This website provides practical knowledge and tools focusing on social, environmental and economic development issues for companies, civil society, local and regional governments.
The 2008 Report on Revenue Transparency of Oil and Gas Companies evaluates 42 leading international and national oil and gas companies operating in 21 countries, based on the transparency of their reporting, particularly on payments made to governments for resource extraction rights.
The Global Development Alliance of USAID has recognized the increasing importance of how partnership’s are governed and (seen to be) held to account. The GDA has therefore commissioned AccountAbility to: Assist in its broader development and engagement in the field; and Develop a set of principles and a diagnostic rating tool of good governance and accountability practice that is appropriate to partnerships’ missions, objectives and their stakeholders. These tools are embodied in the Partnership Governance and Accountability (PGA) Framework and are aimed at improving partnership performance enhancing both their effectiveness and legitimacy.
The International Council on Mining and Metals (ICMM) recognizes that comprehensive and sustained global action is required to reduce the scale of human-induced climate change and to adapt to its impact.
The Economic and Human Development Costs of Missing the Millennium Development Goal on Gender Equity
The main contribution of the paper is therefore to link the data about current trends in gender inequality in education with the results of studies that have estimated the impact of gender inequality on these various development outcomes. We will show that countries that fail to meet the MDG on gender inequality will have to face considerable costs in terms of foregone economic growth, as well as reductions in fertility, child mortality, and under-nutrition. These costs will already be apparent by 2005, but will mount thereafter. The paper is organized as follows. The next two sections discuss the theory and evidence for the claim that gender inequality might compromise progress in these various development outcomes. The following section will present the data on current trends in enrolments and transform them into the educational attainment variables that were used in the studies examining the costs of gender inequality. The next section will present the main results on the costs, while the conclusion summarizes the main findings.
September 29, 2011
With the expansion of the global search for oil, gas, and other natural resources in recent decades, extractive industry companies increasingly have extended their reach to remote and sensitive areas, as well as to more politically risky environments. Within this context, project-affected communities and civil society organizations increasingly demand public accountability of the corporations that implement large-scale projects with the potential to generate serious social and environmental impacts and of the public international financial institutions (IFIs) that sometimes participate in financing these projects.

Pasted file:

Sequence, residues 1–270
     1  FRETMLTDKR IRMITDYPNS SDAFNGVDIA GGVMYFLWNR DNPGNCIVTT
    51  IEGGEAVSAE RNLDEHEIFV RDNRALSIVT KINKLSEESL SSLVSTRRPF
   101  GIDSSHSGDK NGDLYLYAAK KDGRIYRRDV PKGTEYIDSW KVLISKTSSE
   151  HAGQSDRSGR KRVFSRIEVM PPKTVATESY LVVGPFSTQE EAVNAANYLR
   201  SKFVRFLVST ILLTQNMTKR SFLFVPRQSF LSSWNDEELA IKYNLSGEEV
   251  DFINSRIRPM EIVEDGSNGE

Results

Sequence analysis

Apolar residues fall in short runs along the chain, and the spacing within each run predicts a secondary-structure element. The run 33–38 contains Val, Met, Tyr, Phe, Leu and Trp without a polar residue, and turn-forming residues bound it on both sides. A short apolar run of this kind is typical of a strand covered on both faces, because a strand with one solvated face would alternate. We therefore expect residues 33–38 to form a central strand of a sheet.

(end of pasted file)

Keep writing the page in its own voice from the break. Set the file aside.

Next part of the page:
A publication geared towards IFC private sector clients that serves as a resource guide in establishing effective community development programs. The Guide also includes 3 indepth case studies that demonstrate different ways of doing community development innovatively and effectively.
The report argues that unless there is a collapse in oil demand within the next five to ten years, there will be a serious oil 'supply crunch' - not because of below-ground resource constraints but because of inadequate investment by international oil companies (IOCs) and national oil companies (NOCs). An oil supply crunch is where excess crude producing capacity falls to low levels and is followed by a crude 'outage' leading to a price spike. If this happens then the resulting price spike will carry serious policy implications with long-lasting effects on the global energy picture.
The Sourcebook was written for World Bank Task Managers and those who work with them--to help them support participatory processes in economic and social development. The Sourcebook is primarily intended for readers who have already decided to use participatory approaches in their professional work. The World Bank Participation Sourcebook follows the definition of participation adopted by the Bank’s Learning Group on Participatory Development: participation is a process through which stakeholders influence and share control over development initiatives and the decisions and resources which affect them. The Sourcebook was written to discover how this could be achieved.